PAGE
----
The primary objective of monetary policy in Asian countries is to promote growth and employment by maintaining price stability. However, with the increased financial integration of Asian countries, monetary policy has taken on the additional role of ensuring the stability of the financial system. In both policy and academic circles, the autonomy of monetary policy is one of the most fundamental issues in an open economy. The conventional wisdom of the “impossible trinity” in international macroeconomics tells us that countries can pursue only two of the three options – fixed exchange rates, domestic monetary autonomy and capital mobility. Thus, without restrictions on capital flows, fixed exchange rates constrain domestic monetary autonomy, while floating rates allow the monetary authority to pursue an independent monetary policy. An alternative view (i.e., the “fear of floating”), represented by Calvo and Reinhart, 2001 and Calvo and Reinhart, 2002, argues that a currency that lacks credibility prevents countries from pursuing an independent monetary policy, regardless of their announced regime. This “fear of floating” tends to be greater for open or small EMEs1 for which currency credibility is hard to achieve. So far, no clear consensus has been reached. The recent surge in capital inflows in EMEs during the recovery process from the 2008 global financial crisis has refocused attention on the feasibility of monetary autonomy in these economies. Large capital inflows have complicated the management of monetary policy because of their potential to generate exchange rate appreciation, inflation pressures, or asset price boom-and-bust cycles. For example, suppose that an EME raises its interest rate as a strategy to cope with inflation pressures. This behavior attracts capital inflows, reflecting the interest rate differentials with advanced economies. However, capital inflows were what had led to the exchange rate appreciation in the first place. Therefore the authority may intervene in the exchange rate market to avoid currency appreciation that will damage the competitiveness of the trade sector. This intervention itself may result in an increase in the money supply, thereby re-creating inflation pressures. The authority can, alternatively, sterilize the intervention to avoid inflation pressures. This sterilization, in turn, keeps the domestic interest rate at a relatively high level, thereby perpetuating capital inflows. This monetary loop is a reflection of nothing but a policy constraint in terms of endangered monetary autonomy, regardless of any hypothesis, i.e., the “impossible trinity” or “fear of floating”. Given the economic trends of the past two decades, Asian emerging economies have faced drastic changes in the component variables of the “impossible trinity”. They have experienced financial integration in line with the progress of globalization. At the same time, some of their economies suffered from the 1997 to the 1998 currency crises, resulting in a shift in currency regimes from US-dollar-pegged exchange rate regimes to more flexible ones. In addition, they accumulated foreign reserves in the wake of currency crises, especially in East Asia. Considering these changes in the components of the “impossible trinity” and foreign reserves, this paper will examine the trends in monetary autonomy and its interaction with financial integration, currency regimes and foreign reserves, focusing on select Asian economies. This paper will also critically review the results of Aizenman, Chinn, and Ito (2008), which is a previous study that has the same scope as this one but employs different approaches. The rest of the paper is structured as follows. Section 2 reviews previous studies and clarifies this paper's contribution. Section 3 presents empirical analyses introducing the methodology and data and a discussion of the results of the estimation and their interpretation. Section 4 summarizes the results and concludes.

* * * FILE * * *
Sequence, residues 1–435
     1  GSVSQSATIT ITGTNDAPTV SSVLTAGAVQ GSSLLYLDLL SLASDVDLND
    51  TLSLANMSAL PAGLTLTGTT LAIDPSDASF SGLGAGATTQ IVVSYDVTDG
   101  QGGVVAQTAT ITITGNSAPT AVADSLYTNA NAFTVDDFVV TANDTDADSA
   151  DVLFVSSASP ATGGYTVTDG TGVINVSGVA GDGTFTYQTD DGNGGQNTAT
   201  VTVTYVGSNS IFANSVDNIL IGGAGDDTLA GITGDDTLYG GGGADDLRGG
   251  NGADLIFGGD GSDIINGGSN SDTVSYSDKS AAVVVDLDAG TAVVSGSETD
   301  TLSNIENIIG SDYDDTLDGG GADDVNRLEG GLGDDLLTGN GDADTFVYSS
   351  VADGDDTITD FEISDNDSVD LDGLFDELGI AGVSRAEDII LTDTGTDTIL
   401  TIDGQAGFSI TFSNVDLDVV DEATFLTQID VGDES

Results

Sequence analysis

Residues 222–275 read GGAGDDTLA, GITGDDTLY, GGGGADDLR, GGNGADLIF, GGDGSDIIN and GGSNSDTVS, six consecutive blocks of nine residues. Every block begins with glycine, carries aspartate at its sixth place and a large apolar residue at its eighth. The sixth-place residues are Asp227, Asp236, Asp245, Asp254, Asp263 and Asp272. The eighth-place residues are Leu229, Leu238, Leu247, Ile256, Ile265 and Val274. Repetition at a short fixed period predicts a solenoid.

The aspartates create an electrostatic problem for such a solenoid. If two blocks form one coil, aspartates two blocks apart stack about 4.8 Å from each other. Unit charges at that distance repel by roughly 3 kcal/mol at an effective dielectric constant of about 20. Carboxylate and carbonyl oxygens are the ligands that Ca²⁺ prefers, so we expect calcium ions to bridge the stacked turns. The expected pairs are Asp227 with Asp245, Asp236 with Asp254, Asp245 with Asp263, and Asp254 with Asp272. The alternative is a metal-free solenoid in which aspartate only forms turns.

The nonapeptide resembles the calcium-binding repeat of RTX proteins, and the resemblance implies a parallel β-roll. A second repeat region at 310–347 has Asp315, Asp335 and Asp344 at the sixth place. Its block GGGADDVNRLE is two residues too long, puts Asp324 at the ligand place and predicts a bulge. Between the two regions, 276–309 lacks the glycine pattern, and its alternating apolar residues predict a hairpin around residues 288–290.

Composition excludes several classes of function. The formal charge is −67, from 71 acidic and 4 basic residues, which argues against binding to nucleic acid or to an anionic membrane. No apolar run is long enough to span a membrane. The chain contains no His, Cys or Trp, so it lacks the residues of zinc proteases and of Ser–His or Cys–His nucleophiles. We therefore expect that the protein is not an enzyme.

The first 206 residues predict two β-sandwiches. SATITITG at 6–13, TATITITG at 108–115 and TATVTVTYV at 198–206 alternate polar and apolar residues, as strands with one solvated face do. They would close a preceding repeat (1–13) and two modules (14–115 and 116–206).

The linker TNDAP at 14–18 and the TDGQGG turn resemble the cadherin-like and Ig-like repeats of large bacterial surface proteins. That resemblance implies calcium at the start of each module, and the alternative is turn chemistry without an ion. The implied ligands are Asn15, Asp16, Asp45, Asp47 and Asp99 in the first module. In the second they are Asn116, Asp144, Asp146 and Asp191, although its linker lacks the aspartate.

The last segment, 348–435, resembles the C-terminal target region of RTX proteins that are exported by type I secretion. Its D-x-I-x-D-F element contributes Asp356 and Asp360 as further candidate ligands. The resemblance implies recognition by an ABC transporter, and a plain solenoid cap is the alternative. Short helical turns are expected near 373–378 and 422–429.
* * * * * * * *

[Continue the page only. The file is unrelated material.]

نتیجه گیری انگلیسی
This paper examines the trends in monetary autonomy and their interaction with financial integration, currency regimes and foreign reserves over the past two decades in the following Asian countries: Thailand, Korea, Indonesia, the Philippines, and India. We critically reviewed Aizenman et al. (2008) by using alternative indexes that account for the measurement problem and by re-estimating the relationship between the four variables. Our main findings, which showed some contrast with Aizenman et al. (2008), are as follows: first, Thailand, Korea and Indonesia, which shifted to floating currency regimes, decreased the sensitivities of their interest rates (have raised monetary autonomy) after the regime change, while India, without any change in currency regime, has continued to increase the sensitivities of its interest rates (has lowered monetary autonomy) in line with the rapid increase in financial integration. Second, in all of the sample economies, the accumulation of foreign reserves has contributed to retaining monetary autonomy to some degree by preventing the sensitivities of the interest rates from increasing. We speculate that this accumulation may take the role of an anchor for monetary autonomy in emerging market economies facing a “fear of floating”.